In the early 00s, Alastair Reynolds must have been scribbling furiously, gripped in the fever of imagination. Within a few years, he cranked out a couple of 700+ page tomes that formed the Revelation Space series, establishing him as one of the great British turn-of-the-century space opera writers. I read Revelation Space (2000) with great interest and then immediately skipped over Chasm City (2001) because it was set decades before the first novel and only loosely related to it. So, while I was enjoying the third book, Redemption Ark (2002), the Internet convinced me that I was dumb and an idiot, because Chasm City might be the best of series, if not of Reynolds’ career. So it was said.
It took me great pains to obtain this book, for after seeing it laying in bookstores for many years and walking right past it, it was suddenly gone. The cashier told me that the store moves on, and 2001 was ages ago in publisher land. Yet, a week later I passed by the store again and saw that they put an old, dusty, light-bleached copy on the shelves that they must have dug up somewhere.
For a story like Chasm City, a bleached, tattered cover is perfect. Reading a book starts before opening the first page. For it is a tale full of darkness and lost glory; full of violence and vengeance. Reynolds’ universe has a cosmic horror to it, in which human society tries to thrive in the immensity of space, but the long travel distances between planets make every society an island and cause people to lose their past or their memories, setting them adrift mentally and physically. Alien influences wreak havoc. The city – Chasm City – lost its great future and tries to build a new one from the ruins. The setting is perfect for a noir tale, starring assassins, organized crime, immoral aristocracy and lost legends.
Main character is Tanner Mirabel (whose name I don’t like at all) who has no moral compass, and identifying with him doesn’t come easy. The plot concerns multiple people seeking vengeance which places them squarely against each other, but neither side is commendable. Together with the themes of memory loss, the story is much more about building up a new identity out of broken parts. Tanner is for example infected with a virus that makes people join a certain religious cult, so even that part of his identity is not truly his own. Everything in this universe is undermined in one way or another. The city itself has the same problem: a nano-virus has changed its buildings into grotesque shapes.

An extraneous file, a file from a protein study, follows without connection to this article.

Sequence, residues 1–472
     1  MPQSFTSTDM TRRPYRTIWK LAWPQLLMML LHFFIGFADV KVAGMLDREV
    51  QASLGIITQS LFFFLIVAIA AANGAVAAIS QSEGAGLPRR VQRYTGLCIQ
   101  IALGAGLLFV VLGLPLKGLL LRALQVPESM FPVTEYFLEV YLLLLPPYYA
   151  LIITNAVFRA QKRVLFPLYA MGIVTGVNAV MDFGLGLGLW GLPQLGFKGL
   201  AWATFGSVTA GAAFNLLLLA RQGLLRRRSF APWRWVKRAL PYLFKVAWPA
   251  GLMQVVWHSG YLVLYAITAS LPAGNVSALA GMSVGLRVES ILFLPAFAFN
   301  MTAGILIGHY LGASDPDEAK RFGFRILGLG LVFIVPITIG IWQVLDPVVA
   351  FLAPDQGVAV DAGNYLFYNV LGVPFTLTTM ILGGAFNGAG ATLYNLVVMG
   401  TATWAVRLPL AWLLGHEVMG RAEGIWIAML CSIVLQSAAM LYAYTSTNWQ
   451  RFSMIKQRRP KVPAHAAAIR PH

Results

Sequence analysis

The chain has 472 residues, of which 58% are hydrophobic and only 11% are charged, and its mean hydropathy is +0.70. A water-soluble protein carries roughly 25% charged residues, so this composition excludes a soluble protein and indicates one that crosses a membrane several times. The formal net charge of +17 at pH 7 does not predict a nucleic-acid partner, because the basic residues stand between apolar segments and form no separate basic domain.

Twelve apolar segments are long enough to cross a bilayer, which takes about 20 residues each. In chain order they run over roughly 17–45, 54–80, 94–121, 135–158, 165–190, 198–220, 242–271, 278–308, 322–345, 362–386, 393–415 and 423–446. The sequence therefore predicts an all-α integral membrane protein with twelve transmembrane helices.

There is a palpable feeling that Tanner’s adventures are a tribute to Iain M. Banks’ Use of Weapons (1990). Tanner is just as trained as Banks’s assassin Zakalwe and has memory loss as well, like a futuristic Jason Bourne. There is even a scene in Banks’s novel in which Zakalwe is visiting a city in a canyon. But Chasm City does not jump all over the place in its storyline, and compared to Reynolds’s Revelation Space, Chasm City has a tighter focus on a clearer storyline with a clearer main character. This focus is probably due to having Use of Weapons as a story template.
The story nevertheless started to sag in the middle of the book, because of a proliferation of flash-backs that don’t add much. For all this time, we followed Tanner and a second storyline set on a generation ship, which actually plays out during Tanner’s dreams, so we always cut to that story whenever Tanner loses consciousness (which happens often). The problem is that none of the characters are particularly interesting; they are all the same breed of asshole and talk the same way, and the book’s action scenes don’t give much deeper understanding of these people. The same goes for the few women. The woman Zebra in particular came across as constructed as an exotic love interest.
And she isn’t the only exotic female character inserted to bring Tanner from one place to another. Chasm City is in the end not much more than a pulpy adventure tale with influences of noir and hard SF, with bland, basic prose and a plot full of travelling, twists, misdirections and a host of temporary side characters who help Tanner along.
I keep returning to Alastair Reynolds time and again because of his amazing ideas and the hard-edged bleak future he presents. But Reynolds has some structural weaknesses in his writing that keep surfacing: flat characterization, uneven plotting and a tendency to use far too many words to describe everything. Chasm City is hardly the masterpiece that I was hoping for, but for a simple, sensationalist adventure tale it checks many boxes that make me well-disposed towards it.